Quazal Technologies Inc. (formerly Proksim Software Inc.), doing business as Quazal (formerly Proksim Software), is a Canadian software developer based in Montreal, Quebec. Founded in 1997 by Sylvain Beaudry, Martin Lavoie and Carl Dionne, the company focuses on the development of cross-platform multiplayer tools for video games, most notably, Net-Z and Rendez-Vous. On 4 November 2010, it was announced that Ubisoft had acquired Quazal.
| Qube Software
Qube Software is a London based company specialising in advanced 3D technology. It was founded in 1998 by Servan Keondjian and Doug Rabson who created the Reality Lab renderer and who subsequently played a leading role at Microsoft turning it into Direct3D. Qube Software has produced games, however its main focus has been the development of 3D software that would address the key problems with 3D middleware Keondjian says he identified during his years working on Reality Lab and Direct3D. Rabson and Keondjian met in the late 1980s as employees of the British video games company Magnetic Scrolls. Keondjian subsequently founded RenderMorphics to allow him to follow his interest in 3D technology, an interest he attributes in part to the ground-breaking Elite series of games published in the mid 1980s. RenderMorphics developed and released Reality Lab, a real-time 3D application programming interface (API) aimed at the PC. Its main selling point was predicated on the claim that it was faster than any of its contemporaries. In early 1995 Microsoft moved aggressively to acquire RenderMorphics with the deal being announced in late February of that year. By doing so Microsoft signaled its intention to target the fast-growing video games market by ensuring that its Windows OS provided a platform for games. Keondjian, Rabson and their business partner Kate Seekings joined Microsoft as part of the deal, with Keondjian leading the efforts to integrate Reality Lab with the upcoming Windows 95 release. With Rabson's help Reality Lab became Direct3D, the preeminent component in Microsoft's DirectX suite of APIs. Having shipped the first three iterations of Direct3D, Keondjian and Rabson left Microsoft in 1997. Keondjian then set up Qube Software, initially with Hugh Steers, one of the founders of Magnetic Scrolls, later joined by Doug Rabson who had taken time out to work on FreeBSD. Qube's goal was to build 3D software that solved most of the issues that had become apparent during the Reality Lab and Direct3D development period. Steers eventually left to pursue a range of personal software interests while the team grew with the addition of Peter Jeffrey and Jamie Fowlston. The first iteration of the resulting software appeared as Q 1.0, used on projects for clients including the BBC and Lego while the second, Q 2.0, was launched in February 2008.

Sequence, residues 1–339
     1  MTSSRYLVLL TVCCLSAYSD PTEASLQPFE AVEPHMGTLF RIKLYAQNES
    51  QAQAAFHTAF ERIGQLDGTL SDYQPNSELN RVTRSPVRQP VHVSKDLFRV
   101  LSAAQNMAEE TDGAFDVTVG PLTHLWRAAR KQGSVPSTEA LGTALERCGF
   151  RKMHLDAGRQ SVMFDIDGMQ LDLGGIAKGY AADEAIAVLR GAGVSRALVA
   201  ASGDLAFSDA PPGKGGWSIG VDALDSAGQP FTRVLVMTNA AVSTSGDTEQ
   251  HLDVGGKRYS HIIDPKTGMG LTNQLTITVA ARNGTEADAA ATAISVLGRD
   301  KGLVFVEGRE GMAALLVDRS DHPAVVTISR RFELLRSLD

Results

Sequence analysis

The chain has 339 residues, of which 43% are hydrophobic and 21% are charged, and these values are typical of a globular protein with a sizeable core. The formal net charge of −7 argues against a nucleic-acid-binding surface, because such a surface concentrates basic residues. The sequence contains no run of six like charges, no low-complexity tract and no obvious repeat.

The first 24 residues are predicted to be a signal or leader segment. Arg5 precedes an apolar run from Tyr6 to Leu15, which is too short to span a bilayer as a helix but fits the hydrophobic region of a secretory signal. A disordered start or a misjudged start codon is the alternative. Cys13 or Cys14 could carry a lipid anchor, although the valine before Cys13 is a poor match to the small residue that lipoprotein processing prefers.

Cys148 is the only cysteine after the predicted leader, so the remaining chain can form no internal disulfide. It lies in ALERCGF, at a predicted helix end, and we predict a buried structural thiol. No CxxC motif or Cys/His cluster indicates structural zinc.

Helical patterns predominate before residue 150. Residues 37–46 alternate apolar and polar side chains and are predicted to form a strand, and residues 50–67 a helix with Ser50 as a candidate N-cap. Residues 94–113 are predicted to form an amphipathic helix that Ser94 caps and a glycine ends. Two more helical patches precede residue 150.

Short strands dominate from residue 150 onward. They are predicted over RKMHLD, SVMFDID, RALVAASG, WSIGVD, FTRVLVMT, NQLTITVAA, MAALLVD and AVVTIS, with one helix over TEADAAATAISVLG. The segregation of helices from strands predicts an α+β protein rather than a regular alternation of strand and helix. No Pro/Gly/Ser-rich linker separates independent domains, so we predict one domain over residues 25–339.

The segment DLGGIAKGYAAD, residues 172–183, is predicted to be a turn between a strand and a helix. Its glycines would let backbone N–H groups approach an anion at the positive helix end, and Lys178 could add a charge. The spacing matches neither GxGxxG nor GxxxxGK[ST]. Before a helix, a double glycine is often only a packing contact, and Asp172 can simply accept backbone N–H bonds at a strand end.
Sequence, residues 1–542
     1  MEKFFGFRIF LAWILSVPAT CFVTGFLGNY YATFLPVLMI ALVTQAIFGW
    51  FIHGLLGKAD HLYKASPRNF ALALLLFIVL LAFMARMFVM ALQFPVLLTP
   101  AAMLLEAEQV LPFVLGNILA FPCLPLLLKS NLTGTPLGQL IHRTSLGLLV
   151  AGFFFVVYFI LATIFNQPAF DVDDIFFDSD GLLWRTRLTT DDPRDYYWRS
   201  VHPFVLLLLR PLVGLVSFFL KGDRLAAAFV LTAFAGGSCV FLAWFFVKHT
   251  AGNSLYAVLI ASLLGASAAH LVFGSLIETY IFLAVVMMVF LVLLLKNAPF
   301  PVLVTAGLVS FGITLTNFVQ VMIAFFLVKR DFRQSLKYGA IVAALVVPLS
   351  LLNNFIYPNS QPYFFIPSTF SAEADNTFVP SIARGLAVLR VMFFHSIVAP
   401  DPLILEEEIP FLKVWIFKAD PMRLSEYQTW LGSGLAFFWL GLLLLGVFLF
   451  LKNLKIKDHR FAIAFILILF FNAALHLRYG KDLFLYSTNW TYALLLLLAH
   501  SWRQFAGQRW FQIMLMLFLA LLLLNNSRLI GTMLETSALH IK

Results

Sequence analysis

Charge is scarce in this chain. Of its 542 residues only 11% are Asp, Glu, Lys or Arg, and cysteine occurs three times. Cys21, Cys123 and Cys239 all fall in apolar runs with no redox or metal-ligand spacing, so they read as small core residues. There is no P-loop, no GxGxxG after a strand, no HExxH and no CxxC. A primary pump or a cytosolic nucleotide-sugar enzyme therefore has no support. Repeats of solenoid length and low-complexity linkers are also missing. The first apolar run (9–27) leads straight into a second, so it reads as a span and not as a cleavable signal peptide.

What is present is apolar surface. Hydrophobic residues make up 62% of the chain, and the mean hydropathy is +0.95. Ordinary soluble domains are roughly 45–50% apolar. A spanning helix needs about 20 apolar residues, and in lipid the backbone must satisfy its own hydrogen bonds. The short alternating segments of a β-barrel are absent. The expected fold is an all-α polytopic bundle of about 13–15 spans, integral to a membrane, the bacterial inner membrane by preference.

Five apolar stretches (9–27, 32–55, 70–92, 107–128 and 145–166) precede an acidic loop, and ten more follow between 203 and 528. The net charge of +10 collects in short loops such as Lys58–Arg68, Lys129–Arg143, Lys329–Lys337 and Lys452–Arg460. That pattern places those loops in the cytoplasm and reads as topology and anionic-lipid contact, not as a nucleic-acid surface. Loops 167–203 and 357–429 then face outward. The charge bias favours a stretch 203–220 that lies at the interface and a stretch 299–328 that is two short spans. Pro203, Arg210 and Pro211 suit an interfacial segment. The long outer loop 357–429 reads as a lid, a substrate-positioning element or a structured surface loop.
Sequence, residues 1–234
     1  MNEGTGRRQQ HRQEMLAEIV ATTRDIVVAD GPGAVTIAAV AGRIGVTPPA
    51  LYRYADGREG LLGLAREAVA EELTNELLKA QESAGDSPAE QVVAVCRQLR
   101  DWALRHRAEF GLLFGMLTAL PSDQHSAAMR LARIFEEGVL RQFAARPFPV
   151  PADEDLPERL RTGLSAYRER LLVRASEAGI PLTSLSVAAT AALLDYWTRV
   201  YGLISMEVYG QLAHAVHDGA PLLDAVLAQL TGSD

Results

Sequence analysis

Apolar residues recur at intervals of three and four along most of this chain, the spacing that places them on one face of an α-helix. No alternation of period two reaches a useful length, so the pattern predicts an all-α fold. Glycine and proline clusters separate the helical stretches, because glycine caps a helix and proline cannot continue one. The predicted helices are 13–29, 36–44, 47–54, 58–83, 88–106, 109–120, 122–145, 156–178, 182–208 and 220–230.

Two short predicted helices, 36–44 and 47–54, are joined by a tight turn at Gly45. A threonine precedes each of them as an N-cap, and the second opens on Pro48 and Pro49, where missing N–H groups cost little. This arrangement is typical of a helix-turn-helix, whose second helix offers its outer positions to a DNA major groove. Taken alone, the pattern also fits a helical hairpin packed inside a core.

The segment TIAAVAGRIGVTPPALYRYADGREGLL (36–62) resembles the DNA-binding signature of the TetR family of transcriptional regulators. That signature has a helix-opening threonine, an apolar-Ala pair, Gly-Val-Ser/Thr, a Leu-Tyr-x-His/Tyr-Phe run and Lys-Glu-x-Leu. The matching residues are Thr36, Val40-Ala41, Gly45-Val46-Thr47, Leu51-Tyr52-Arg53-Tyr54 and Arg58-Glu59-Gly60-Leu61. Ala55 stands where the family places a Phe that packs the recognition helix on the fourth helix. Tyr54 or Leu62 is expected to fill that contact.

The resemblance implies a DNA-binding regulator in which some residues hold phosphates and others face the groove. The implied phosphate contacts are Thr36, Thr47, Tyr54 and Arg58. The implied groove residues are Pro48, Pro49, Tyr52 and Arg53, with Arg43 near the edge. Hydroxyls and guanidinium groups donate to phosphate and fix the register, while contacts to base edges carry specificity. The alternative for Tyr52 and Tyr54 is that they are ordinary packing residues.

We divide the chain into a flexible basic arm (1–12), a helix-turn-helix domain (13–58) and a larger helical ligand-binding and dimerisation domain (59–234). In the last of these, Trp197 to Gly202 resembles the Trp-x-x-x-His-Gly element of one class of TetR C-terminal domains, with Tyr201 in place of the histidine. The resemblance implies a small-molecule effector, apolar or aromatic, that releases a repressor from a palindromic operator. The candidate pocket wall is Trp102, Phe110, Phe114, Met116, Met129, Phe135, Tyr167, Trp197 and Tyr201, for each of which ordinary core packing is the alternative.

| Quicksilver Software, Inc.|
Quicksilver Software, Inc. was founded in 1984 by three Intellivision programmers from Mattel Electronics:William Fisher, Stephen Roney and Michael Breen. The company specializes in the creation of strategy, simulation, and educational products, and on focused high-technology R&D projects. Early in its history, Quicksilver landed a productive deal with arcade-game manufacturer Data East USA, Inc. that ultimately resulted in the creation of 28 different titles for Apple II, Commodore 64, IBM PC, Apple Macintosh, and Atari ST home computers. These included adaptations of well-known games such as Karnov and the Ikari Warriors series. The company’s work on another Data East title, Heavy Barrel, earned it the attention of publisher Interplay Productions, which contracted Quicksilver to develop what would become one of Interplay’s first titles as an independent publisher, Castles for the IBM PC, which ultimately sold more than 400,000 copies. This was followed by additional strategy titles such as Castles II, Conquest of the New World (over 500,000 copies), and Star Trek: Starfleet Command (over 300,000 copies and several sequels).